I also agree that the term survivor is not a good one. It absolutely separates patients like yourself who have a continued struggle with your disease but also doesn’t appropriately describe a lot of the other side either. I use the term because it is universally acceptable but dislike it. Unfortunately, we are in a system where semantics are a large portion of our care. I heard the term survivor defined as “anyone that has been told they have cancer and anyone impacted by the disease (ie. caregivers).” The healthcare system is trying to find a single word to define everyone impacted by cancer, I don’t believe that is possible.

    Thank you for sharing this post, it certainly opened my eyes.

  2. Rae Michelle Ponce says:

    Thanks so much for this! Though I missed being considered YA by 5 years, I feel very much like almost half my life is being cut short. I was diagnosed last summer with stage 4 colon cancer with mets in liver, lungs,lymph nodes, adrenal glands, spine, and more recently, uterus. I have an adult son,22, who has two little ones,3 & 5, and I also have two daughters, 5 & 8. I feel like an outsider most of the time, and get frustrated when people tell me to stay positive, like I’m ever going to be cured. I actually have had people scold me for being “negative” when I speak of the reality of my disease. I feel a glimmer of light knowing I’m not alone in my awkward predicament of looking fine, but literally dying. I don’t know what to think or how to feel. I want to enjoy every moment with my kids, but it’s so HARD. I am looking for a support group and hoping I’ll find one that will help me make the most of whatever time I have left.

  3. Pingback: Looking For Light in a Dark Room | Cancer Knowledge Network - ¡Mela-NO-MAS! My Melanoma Journey

  4. Dena Stern says:

    I am not sure I have the words to express how much this means to me or how much I agree. I also have Stage 4 metastatic breast cancer. I have a chemo treatment tomorrow. People always ask me “For how long?” and I have to explain to them that ending treatment (even though it hurts me and makes me sick) would mean death. People can’t handle that. They want to wrap cancer up with a little bow. A happy ending.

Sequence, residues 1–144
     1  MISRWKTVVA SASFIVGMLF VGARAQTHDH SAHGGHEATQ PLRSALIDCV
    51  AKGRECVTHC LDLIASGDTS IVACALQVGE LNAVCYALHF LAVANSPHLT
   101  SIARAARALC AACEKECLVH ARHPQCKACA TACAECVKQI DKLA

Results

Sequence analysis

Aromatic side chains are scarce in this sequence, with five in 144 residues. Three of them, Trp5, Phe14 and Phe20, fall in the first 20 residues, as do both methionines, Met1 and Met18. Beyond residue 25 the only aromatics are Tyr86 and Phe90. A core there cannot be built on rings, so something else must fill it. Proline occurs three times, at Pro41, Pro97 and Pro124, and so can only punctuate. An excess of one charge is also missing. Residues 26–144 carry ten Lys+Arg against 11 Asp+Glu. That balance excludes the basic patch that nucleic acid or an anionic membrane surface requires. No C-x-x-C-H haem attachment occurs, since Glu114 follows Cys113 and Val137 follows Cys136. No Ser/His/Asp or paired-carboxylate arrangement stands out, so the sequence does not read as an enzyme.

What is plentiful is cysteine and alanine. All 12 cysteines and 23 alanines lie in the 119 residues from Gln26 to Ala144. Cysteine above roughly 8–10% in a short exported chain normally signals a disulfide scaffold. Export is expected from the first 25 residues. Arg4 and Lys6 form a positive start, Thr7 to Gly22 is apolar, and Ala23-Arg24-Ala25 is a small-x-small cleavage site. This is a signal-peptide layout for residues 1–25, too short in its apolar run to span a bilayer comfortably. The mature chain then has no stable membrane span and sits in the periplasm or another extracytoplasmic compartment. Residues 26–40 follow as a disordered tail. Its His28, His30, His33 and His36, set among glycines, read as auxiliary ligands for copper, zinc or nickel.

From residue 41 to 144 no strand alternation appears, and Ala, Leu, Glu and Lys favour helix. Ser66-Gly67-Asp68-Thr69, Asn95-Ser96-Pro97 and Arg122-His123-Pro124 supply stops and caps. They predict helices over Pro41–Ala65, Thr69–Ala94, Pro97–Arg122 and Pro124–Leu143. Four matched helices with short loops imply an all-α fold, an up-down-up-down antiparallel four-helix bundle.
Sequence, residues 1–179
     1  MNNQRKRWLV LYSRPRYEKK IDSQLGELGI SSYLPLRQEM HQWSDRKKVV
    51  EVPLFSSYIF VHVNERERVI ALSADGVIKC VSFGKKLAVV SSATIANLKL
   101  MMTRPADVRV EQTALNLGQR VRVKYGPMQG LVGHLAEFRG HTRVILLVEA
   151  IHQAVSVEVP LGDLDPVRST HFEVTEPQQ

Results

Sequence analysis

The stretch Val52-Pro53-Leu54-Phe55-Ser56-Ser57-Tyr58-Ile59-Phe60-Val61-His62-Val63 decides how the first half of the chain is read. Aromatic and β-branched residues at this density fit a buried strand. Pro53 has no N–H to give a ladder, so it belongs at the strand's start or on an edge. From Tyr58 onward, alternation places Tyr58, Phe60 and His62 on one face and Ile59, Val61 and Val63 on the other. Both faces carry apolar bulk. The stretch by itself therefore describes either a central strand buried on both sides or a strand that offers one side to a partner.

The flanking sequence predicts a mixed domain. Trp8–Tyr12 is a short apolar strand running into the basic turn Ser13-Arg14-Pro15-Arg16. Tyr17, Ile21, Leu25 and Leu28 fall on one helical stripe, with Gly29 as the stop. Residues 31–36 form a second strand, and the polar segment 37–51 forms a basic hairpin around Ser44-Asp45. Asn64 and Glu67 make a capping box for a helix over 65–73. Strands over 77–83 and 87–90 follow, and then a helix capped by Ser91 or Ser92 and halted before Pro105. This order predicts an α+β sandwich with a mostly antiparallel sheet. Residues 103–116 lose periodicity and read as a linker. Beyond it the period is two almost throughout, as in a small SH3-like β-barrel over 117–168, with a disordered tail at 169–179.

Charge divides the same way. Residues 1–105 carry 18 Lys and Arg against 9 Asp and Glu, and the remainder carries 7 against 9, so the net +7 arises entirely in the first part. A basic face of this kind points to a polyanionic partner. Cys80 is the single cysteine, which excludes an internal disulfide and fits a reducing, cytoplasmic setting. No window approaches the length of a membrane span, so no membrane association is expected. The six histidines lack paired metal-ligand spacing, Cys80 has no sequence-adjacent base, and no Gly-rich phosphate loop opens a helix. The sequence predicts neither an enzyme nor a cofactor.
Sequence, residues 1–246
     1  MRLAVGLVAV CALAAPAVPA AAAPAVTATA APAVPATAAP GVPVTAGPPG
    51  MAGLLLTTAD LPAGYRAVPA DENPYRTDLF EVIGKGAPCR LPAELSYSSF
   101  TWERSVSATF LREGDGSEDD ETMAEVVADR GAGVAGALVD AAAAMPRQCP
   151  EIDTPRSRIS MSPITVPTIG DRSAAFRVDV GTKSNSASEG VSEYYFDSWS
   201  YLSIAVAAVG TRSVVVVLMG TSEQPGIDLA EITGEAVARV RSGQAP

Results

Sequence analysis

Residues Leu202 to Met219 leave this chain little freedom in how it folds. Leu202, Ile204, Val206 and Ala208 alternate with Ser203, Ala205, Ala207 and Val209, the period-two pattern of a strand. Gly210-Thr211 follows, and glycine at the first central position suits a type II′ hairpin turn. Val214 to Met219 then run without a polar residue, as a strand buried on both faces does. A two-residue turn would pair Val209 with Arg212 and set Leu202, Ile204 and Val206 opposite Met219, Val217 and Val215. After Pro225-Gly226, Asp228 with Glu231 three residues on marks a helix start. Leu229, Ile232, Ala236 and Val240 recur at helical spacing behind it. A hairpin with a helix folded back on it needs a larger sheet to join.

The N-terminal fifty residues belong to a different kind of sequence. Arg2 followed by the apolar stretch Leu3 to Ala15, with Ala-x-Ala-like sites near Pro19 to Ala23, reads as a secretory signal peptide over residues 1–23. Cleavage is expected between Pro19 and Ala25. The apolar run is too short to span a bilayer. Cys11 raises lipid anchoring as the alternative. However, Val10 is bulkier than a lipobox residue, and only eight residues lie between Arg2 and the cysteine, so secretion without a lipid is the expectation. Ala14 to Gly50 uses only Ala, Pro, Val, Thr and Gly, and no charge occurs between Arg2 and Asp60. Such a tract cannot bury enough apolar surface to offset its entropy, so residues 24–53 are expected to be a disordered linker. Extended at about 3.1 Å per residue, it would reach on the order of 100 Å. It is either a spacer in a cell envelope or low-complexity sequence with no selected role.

Living with a chronic condition is so different, and as a result of that I do feel isolated and I have pulled myself apart from the “YA cancer community”. I do not call myself a breast cancer “survivor” – I still have breast cancer.

    Thank you for saying this so well.

  5. Rae…If you ever just need to “vent” please feel free to contact me….I am in my 7th month of being diagnosed with Stage IV adenocarcinoma (non-smoker) lung cancer and the cancer has also spread to my lower vertebrae…. and they found a tumor on the occipital lobe of my skull. I just turned 55, my children are all grown and I have an amazing 7 year old grandson, Oliver. I am also divorced and live in my little vintage house with my three feline furries!! Anyway, I would love to have someone to talk with that actually understands this cancer journey…the ups and the downs….the good days and the days that I barely get through….the meds and all of the side effects and the treatments….Rae, you are in my thoughts and my prayers. I would love to hear from you! <3 from a fellow cancer warrior in Omaha!!

  6. Lori Packer says:

    Thank you for sharing that. I know how you feel. I too am still looking for a support group that does not just talk about the cancer they have. We need more than that. We need a place of some happiness and peace.

  7. Esan says: